Ottawa aims to steal a small amount of money from protesters, but has ignored the flood of dark money for years


Commentary

One of the weirdest things about Justin Trudeau panicking and enforcing an emergency law is that he has a lot of authority not yet in the state, not to mention the need to deal with possible emergencies. It looks like you haven’t given it. Second, one rigorous force it gives to seize or freeze financial assets without a court order is a very real problem that the government has long ignored: a flood of dirty money into Canada. Is to be able to deal with. But they have no clear intention to deal with it.

Canadians don’t seem to think that our clean, discreet, polite, and orderly land could be a paradise for infamous money laundering. And our government doesn’t seem to think it’s important.

For clarity, I don’t think you should be able to seize Hitler’s bank account without a court order. And Ottawa’s “occupation” and “siege” are not wars, even by Twitter standards, and are not a threat to Canada’s democracy by any standards.

The flood of dark money is another matter. And another example of the Canadian government’s essential paralysis. Despite an impressive set of powers and ambitions, and largely obedient masses, they cannot even make serious efforts to keep their promises to end the boiling water recommendations of indigenous reserves. ..

Budget balancing is not mentioned as it is done on its own during the nap. But can you be a little more careful with large-scale money laundering?

For example, it’s not exactly a secret that Vancouver real estate is literally driven by a highly suspicious pile of cash. “Canada’s Deputy Prime Minister @cafreeland announces that the government will use emergency legislation to extend the scope of Canada’s money laundering prevention law to cloud funding platforms and stop funding what is called an illegal blockade. After reporting the news, Port Coquitram, British Columbia, reminded us that organized crime in this country (and other countries) laundered billions of dollars through Canadian real estate, casinos and more. I will do it. ” reminder. From the mayor.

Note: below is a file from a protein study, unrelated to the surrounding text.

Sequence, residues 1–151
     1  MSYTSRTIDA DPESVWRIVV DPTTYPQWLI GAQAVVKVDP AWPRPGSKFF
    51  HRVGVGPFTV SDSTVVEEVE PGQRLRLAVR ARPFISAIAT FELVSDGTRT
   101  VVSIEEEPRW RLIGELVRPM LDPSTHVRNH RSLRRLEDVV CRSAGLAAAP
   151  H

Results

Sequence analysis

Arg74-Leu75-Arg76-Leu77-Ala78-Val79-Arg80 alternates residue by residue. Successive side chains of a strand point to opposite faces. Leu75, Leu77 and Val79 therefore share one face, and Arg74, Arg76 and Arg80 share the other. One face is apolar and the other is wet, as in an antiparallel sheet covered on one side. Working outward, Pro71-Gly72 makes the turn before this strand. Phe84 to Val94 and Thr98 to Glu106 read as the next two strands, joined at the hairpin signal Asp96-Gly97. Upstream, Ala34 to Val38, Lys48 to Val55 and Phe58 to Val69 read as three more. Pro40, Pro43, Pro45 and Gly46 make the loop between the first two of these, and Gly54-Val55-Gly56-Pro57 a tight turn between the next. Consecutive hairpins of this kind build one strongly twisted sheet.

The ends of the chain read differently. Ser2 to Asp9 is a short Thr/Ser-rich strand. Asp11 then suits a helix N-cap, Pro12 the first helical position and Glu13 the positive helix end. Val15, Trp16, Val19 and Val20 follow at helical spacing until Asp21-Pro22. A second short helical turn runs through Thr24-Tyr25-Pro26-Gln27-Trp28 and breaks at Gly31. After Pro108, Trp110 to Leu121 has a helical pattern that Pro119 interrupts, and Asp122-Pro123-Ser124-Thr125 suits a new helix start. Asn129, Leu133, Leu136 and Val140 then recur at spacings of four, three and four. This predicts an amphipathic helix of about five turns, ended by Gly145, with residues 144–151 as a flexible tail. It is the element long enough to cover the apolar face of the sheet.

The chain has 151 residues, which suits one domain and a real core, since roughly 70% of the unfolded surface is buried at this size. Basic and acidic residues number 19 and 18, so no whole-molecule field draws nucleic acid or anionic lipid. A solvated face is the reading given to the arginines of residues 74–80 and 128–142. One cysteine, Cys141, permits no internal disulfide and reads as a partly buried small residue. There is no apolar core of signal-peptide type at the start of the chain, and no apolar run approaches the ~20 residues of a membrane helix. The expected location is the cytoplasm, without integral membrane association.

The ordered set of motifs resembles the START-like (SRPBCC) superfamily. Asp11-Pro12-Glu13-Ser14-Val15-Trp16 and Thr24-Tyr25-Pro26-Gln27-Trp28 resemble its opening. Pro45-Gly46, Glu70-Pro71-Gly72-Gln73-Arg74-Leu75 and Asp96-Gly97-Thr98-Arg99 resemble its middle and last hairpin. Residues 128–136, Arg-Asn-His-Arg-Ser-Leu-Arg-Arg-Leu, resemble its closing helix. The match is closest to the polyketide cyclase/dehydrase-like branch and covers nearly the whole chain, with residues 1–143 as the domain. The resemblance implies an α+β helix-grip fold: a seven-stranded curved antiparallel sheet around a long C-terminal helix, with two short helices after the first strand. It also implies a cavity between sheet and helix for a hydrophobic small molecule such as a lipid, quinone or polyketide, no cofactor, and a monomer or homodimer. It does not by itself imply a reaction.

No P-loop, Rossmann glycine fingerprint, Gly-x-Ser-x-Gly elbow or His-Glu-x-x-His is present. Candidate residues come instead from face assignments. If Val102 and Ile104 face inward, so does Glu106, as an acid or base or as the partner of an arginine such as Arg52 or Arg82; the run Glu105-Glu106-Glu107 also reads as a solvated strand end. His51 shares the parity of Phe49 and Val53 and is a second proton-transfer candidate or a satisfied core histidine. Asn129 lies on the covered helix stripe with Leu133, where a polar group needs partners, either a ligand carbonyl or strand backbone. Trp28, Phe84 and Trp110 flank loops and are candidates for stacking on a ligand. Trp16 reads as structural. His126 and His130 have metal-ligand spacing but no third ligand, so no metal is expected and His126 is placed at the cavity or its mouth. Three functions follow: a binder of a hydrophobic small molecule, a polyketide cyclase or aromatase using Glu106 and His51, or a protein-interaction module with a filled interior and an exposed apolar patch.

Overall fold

Several journalists, including Terry Glavin, have been working on it for years. In 2017, he called for an investigation into money laundering in the wake of an Australian scandal, pointing out: Glamorous attendees include Ben Sung Won of the Chinese Chamber of Commerce, Shen Lin Cian, insurance king and banker, and Chang Bin of Billionaire, with a $ 1,500 fee plus a $ 1 million to the Pierre Trudeau Foundation and the University of Montreal. Donated. “

Such “generosity” may explain why politicians didn’t even try to deal with money laundering the way you wanted. It’s like directing important resources to the relevant departments of RCMP. Unlike fixing policing more generally, it’s not when you try and fail, but when you don’t. Still, a Google search for “Canada Money Laundering” yields 44.7 million hits. Again, including Glavine, from December 2021, quoted the Federal Criminal Information Agency’s report on Vancouver’s “reputation as an international fraudster, drug dealer, and well-connected high roller money laundering hub.” Someone is paying attention because they are doing it. The amount of dirty money flowing into Canadian real estate and other ventures is probably estimated at $ 133 billion annually. “

understood? Because someone did it. Glavine also said, “Between 2012 and January of this year, [Vancouver] Authorities have accepted nearly 2,000 payments totaling $ 13.1 million, all in a pile of cash, from property tax payments to municipal graveyard parcels. It’s like Monty Python.

The usual suspects are noble and have funded some rough protesters over $ 9 million, just as Canada is in a state of emergency. Selective anger is evident given that our current Minister of the Environment is willing to accept foreign funding from environmental groups, including those that have broken the law.

Foreigners may fund Canadians for legal activities and vice versa. But money laundering is not legal. And it leads to other crimes, from bribes to shootings, and even more. Consider this February 15th National Post news alert. “A suspected ketamine maker was shot dead in Phuket, a popular tourist destination in southern Thailand. Police in British Columbia are preparing for a possible backlash and may have already begun. I’m afraid. “

Such things can happen in the most peaceful kingdoms. But, except in our hearts, we are not in that kingdom. Canada has infamous porous borders for illegal cigarettes, immigrants, drugs, guns needed by criminal ventures, and the money they attract and generate.

I know that we don’t take national security seriously, from the military to the ban on Huawei’s critical communications infrastructure. But, so to speak, being ready to rob frustrated protesters by suspending the rule of law while passively gazing at the flood of dark money that undermines the rule of law. So to speak, it is especially rich.

Talk about emergencies.

The views expressed in this article are those of the author and do not necessarily reflect the views of The Epoch Times.

John Robson

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John Robson is a documentary filmmaker, National Post columnist, Dorchester Review contributor editor, and Executive Director of Climate Discussion Nexus. His latest documentary is “Environment: True Story”.

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